Rinse the rice under cold water until the water runs semi-clear. Drain well. In a deep dish, combine the rice with water. Steam the rice until it’s almost completely cooked, after about 30 minutes. Cover and let it rest for 10 minutes. Combine the salt and vinegar. Warm over low heat to dissolve the salt but do not let the mixture boil. Cool at room temperature. Transfer the rice to 2 plates and drizzle the vinegar mixture. “Cut” and fold the rice over using a wooden rice paddle or flat wooden spatula. Continue until the mixture has cooled.
Cut all the desired vegetables into sticks ¼ inch thick. Make the sushi rolls.

The vinegar mixture is optional. You can use plain sushi rice. Wrap your sushi mat in plastic wrap it will be easier to clean. Do not put too much rice and filling on the seaweed leaf otherwise it won’t close. You can create any kind of sushi rolls, using cooked sweet potatoes and butternut squash, even dessert ones with your favorite fruits. Make a fruit or chocolate sauce to dip your dessert sushi.

Sushi rolls are called Maki, from the Japanese Makisu, which is the bamboo mat we use to make the rolls. The Japanese people prefer nigiri, which is a piece of fish pressed on top of a strip of rice. Maki can be wrapped in soy paper, cucumber or egg, not just Nori seaweed. There are 10,000 recognized varieties of seaweed in the world.  Many seaweeds look like plants and are categorized by their color: green, brown, or red algae.

Baker’s Blog — Cheese-Filled Danishes

Danish pastries are made with a laminated dough. The croissant dough and the puff pastry dough are the two other kind of laminated dough. It is called laminated because it has layers of dough and butter. These layers are created by folding the dough while the butter is locked in the dough. You make like a wallet by folding the dough in thirds and turning it then rolling it and folding it again. You make three turns. It is a very long process but the result is worth it. If you don’t have the time you can always buy frozen puff pastry dough.

Recipe by Isabelle Lapin

Preparation: 30 min
Cooking: 15-20 min
Proofing till dough double Makes 8 portions

(12 oz. dough for 1 ring) ¾ oz.
(1Tbsp.+1 tsp.; 12g. dry yeast) fresh yeast
½ cup warm milk
3 cups (390g.)
all-purpose flour ¼ cup (50g.)
sugar 1 tsp. (5g.)
salt ¼ tsp.
baking powder 8 oz.
(226g.; 2 sticks) cold butter cut in pieces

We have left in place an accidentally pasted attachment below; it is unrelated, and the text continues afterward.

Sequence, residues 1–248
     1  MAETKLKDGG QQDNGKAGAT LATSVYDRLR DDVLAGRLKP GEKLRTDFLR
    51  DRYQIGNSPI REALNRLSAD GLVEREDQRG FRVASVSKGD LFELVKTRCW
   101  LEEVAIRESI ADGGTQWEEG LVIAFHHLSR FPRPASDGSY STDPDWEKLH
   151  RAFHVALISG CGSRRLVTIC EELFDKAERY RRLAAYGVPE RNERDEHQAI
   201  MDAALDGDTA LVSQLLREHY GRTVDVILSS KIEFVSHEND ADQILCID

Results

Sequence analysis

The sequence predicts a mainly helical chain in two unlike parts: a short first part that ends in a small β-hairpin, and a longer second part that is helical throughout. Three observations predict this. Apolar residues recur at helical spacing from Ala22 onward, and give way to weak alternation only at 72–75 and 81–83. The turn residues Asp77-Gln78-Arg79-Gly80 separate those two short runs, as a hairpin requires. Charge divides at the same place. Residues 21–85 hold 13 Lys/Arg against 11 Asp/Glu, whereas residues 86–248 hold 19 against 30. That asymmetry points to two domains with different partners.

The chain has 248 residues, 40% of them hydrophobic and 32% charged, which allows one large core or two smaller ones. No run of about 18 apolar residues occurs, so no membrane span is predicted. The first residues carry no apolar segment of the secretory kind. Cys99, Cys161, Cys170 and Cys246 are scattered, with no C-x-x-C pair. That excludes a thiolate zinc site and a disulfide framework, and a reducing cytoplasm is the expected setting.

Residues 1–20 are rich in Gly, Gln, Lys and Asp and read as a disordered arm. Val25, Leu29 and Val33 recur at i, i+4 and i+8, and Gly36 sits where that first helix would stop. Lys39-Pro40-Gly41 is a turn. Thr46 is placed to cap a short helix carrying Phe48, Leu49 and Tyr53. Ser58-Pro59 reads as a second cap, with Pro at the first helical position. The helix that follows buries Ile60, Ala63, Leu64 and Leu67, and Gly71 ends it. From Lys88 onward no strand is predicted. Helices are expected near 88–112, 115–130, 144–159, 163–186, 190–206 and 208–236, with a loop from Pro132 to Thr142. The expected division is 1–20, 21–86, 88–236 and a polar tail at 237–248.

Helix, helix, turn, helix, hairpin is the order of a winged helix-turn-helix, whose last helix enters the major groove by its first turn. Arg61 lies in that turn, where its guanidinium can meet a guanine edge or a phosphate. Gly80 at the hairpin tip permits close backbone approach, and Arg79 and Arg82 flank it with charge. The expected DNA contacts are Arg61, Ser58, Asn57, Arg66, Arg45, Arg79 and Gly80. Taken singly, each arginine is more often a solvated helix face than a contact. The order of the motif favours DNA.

2 large eggs (100g.)

Cream cheese filling:
8 oz. soften cream cheese
3 Tbsp. sugar
1 tsp. vanilla extract (or any extract)
1 large egg yolk
Fruit preserve, fresh fruits or pie filling (optional)

Preparation: Combine the yeast and the warm milk and pinch of sugar.  It should become frothy and bubbly.  If it does not make bubbles your yeast is dead and you must change it.  Combine all the dry ingredients in the bowl of a stand mixer with the paddle attachment.  Mix, then add the butter and process until it resembles coarse meal.  You can do that with two knives or your fingertips. Add the eggs and yeast mixture.  Mix until it makes a soft ball not sticky.  Place in an oiled bowl cover with plastic wrap.  Place the bowl in a warm place.  Allow to double in size (about 2 hours).  Press down gently to release the gasses and weigh 12 ounces.  Roll it into a rectangle 12’ by 8’.  Spread the filling and roll the dough jellyroll style.  Make 3 cuts around the outside and gather the ends by pinching them together.  Put on baking sheet cover with parchment paper and let stand for 1 hour. Brush with egg wash (1 large egg+1 yolk+ pinch salt).

Filling: Preheat the oven at 400F.  Cream the cheese.  Add the sugar and the vanilla and then the yolk.

Tips and info: Spread the cream cheese filling first then spread the pie filling against the cheese filling and roll the dough.  You can use any flavored filling you like. You can also use fresh seasonal fruits or fruits in jars. We call a certain kind of pastry, filled with cheese or fruit, “Danish pastry”. Is it really from Denmark? Well, Danish pastry may have come to the United States from Denmark.  But its name in Denmark suggests that it did not originate there.  The Danes call this pastry Wienerbrod, or “Vienna Bread”, and Vienna is a city in Austria. What happened is that in 1850 bakery workers in Denmark went on strike. It forced the owners to hire workers from abroad, among them several Austrian bakers, who brought along new baking traditions and pastry recipes. The Danish bakers adjusted these recipes to their own liking and it became what we know now as Danish pastry. Danish immigrants brought Danish pastry to the U.S. Lauritz Klitteng popularized this pastry around 1915-1920. According to Mr. Klitteng, he made Danish pastry for the wedding of President Wilson in December 1915.  In 1962, Mr. Gertner befriended the Danish baker who convinced him that Danish pastry might be well received in New York.  Mr. Gertner began serving the pastry in his restaurant and it immediately was a success.

Tasty Tuesdays — Pizza A la Carte